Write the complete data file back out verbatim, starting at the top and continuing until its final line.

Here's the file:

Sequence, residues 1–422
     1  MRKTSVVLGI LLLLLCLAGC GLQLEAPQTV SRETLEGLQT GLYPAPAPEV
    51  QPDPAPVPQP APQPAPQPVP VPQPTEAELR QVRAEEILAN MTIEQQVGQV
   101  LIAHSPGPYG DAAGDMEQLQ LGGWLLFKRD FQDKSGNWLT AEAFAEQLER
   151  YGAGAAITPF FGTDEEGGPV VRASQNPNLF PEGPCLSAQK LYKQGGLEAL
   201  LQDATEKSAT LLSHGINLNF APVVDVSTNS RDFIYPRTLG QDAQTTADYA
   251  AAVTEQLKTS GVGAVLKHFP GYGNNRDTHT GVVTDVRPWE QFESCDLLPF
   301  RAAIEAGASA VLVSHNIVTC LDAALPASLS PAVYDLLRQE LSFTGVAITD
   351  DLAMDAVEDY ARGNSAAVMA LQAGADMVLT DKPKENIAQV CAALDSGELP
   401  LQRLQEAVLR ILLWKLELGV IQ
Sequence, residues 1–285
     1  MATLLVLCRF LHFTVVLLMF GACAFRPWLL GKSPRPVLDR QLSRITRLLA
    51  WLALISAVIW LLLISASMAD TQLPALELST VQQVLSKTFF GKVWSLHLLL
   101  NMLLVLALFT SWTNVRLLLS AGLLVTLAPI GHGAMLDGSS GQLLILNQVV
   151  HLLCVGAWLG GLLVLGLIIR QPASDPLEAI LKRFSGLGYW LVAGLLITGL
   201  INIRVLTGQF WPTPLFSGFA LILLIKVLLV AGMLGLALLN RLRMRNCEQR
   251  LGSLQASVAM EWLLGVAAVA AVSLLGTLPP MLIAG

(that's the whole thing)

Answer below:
Sequence, residues 1–422
     1  MRKTSVVLGI LLLLLCLAGC GLQLEAPQTV SRETLEGLQT GLYPAPAPEV
    51  QPDPAPVPQP APQPAPQPVP VPQPTEAELR QVRAEEILAN MTIEQQVGQV
   101  LIAHSPGPYG DAAGDMEQLQ LGGWLLFKRD FQDKSGNWLT AEAFAEQLER
   151  YGAGAAITPF FGTDEEGGPV VRASQNPNLF PEGPCLSAQK LYKQGGLEAL
   201  LQDATEKSAT LLSHGINLNF APVVDVSTNS RDFIYPRTLG QDAQTTADYA
   251  AAVTEQLKTS GVGAVLKHFP GYGNNRDTHT GVVTDVRPWE QFESCDLLPF
   301  RAAIEAGASA VLVSHNIVTC LDAALPASLS PAVYDLLRQE LSFTGVAITD
   351  DLAMDAVEDY ARGNSAAVMA LQAGADMVLT DKPKENIAQV CAALDSGELP
   401  LQRLQEAVLR ILLWKLELGV IQ
Sequence, residues 1–285
     1  MATLLVLCRF LHFTVVLLMF GACAFRPWLL GKSPRPVLDR QLSRITRLLA
    51  WLALISAVIW LLLISASMAD TQLPALELST VQQVLSKTFF GKVWSLHLLL
   101  NMLLVLALFT SWTNVRLLLS AGLLVTLAPI GHGAMLDGSS GQLLILNQVV
   151  HLLCVGAWLG GLLVLGLIIR QPASDPLEAI LKRFSGLGYW LVAGLLITGL
   201  INIRVLTGQF WPTPLFSGFA LILLIKVLLV AGMLGLALLN RLRMRNCEQR
   251  LGSLQASVAM EWLLGVAAVA AVSLLGTLPP MLIAG